Commentary by Jay Thompson
Every day I speak to real estate agents and brokers who use Zillow. Every day these agents and brokers tell me they use the Zestimate® home value, and inquiries about it, to create opportunities for further interaction with contacts.
There is some mystery behind the Zestimate—what is it, how is it calculated, and how accurate is it? We’ll demystify some of that here. Why does it matter? Because there is a good chance your client will have been on Zillow, and it’s important to understand how the Zestimate works in order to best assist them.
Equally as important, I want to highlight how to make Zestimates work for you—because they really can, when used with the right approach.
What is a Zestimate and how is it calculated?
A Zestimate is an estimate of the market value of a home computed using Zillow’s proprietary formula. It is a computer-generated estimate, not an appraisal. We can only provide an estimate of the home value based on available data because we cannot inspect every home alongside an appraiser or homeowner.
Currently, Zestimates have a national median error of 8.7 percent, meaning we’re doing pretty well overall. Nearly one-third of Zestimates fall within 5 percent of a home’s sale price, and nearly 60 percent fall within 10 percent (data updated on Dec. 4, 2013 and shown on Zillow).
To calculate Zestimates, Zillow uses proprietary valuation models that identify relationships between home-related data and actual sale prices in set geographic areas. Our models incorporate a robust spread of data, including physical attributes of homes, tax assessments, actual sale prices over time, relevant market activity like foreclosures and sales of nearby homes, and user-submitted data by owners, appraisers or listing agents.
This data feeds into our algorithm that computes individual Zestimates for 110 million homes in the United States, which is refreshed three times a week to ensure the Zestimate incorporates our latest and most accurate information.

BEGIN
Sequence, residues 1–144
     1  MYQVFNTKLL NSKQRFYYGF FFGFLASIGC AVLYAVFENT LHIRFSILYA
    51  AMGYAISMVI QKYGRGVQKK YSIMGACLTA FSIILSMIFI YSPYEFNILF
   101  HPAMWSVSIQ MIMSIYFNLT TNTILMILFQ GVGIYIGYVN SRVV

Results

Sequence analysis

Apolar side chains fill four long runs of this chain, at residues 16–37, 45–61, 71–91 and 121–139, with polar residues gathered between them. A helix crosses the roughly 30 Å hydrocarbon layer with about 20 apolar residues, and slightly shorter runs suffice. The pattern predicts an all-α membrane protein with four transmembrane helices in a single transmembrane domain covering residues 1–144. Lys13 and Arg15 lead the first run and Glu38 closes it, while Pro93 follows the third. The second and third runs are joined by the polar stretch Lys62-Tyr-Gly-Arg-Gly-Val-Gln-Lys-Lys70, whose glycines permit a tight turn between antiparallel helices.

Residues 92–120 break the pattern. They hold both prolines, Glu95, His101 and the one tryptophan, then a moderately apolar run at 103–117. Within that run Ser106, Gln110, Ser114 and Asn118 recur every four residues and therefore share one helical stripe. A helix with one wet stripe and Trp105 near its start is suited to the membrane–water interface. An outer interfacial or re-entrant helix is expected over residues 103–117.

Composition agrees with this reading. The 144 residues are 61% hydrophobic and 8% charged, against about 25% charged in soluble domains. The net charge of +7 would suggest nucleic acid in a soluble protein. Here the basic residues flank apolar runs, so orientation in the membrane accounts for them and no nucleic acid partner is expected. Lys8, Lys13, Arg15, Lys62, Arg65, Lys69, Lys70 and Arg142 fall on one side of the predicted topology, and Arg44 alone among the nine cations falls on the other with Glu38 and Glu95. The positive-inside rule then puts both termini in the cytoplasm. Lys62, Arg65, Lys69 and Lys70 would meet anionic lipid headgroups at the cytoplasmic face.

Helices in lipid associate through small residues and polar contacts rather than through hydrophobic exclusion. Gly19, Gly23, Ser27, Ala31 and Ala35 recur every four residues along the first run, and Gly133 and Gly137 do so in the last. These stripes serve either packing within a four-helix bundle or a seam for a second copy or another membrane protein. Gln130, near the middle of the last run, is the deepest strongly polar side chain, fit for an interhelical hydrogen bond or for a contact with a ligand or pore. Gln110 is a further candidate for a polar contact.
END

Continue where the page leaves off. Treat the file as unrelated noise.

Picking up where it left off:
How can you leverage Zestimates?
Here are three ways agents use them:
1. Use Zestimates to establish yourself as the local expert.
Data has its limits. For that final and crucial step in assessing a home’s exact value, homeowners, appraisers and agents need to weigh in. You have a huge advantage to position yourself as the local expert, since you understand a home’s real worth when factoring in the qualitative neighborhood attributes and desirability not captured in our algorithm.
2. Claim the home on Zillow as a listing agent and update its information.
If the Zestimate for your listing is not up to market value, the data may be incomplete. You can fix this by logging into your Zillow profile, claiming the listing and adding comments about features that may increase the home’s value, like a remodeled kitchen.
3. Use Zestimates to engage potential clients.
Work with potential sellers who are dissatisfied with their Zestimate by offering to help them increase its accuracy by updating the home’s information on Zillow. Work with potential buyers by using the Zestimate value and/or the property features to learn more about what they’re looking for.
Interested in learning more about Zestimates? Visit www.zillow.com/research for information on Zestimates and other useful resources, such as local market overview reports and the Zillow Home Value Index.
Jay Thompson is Zillow’s director of Industry Outreach.
For more information, visit www.zillow.com.
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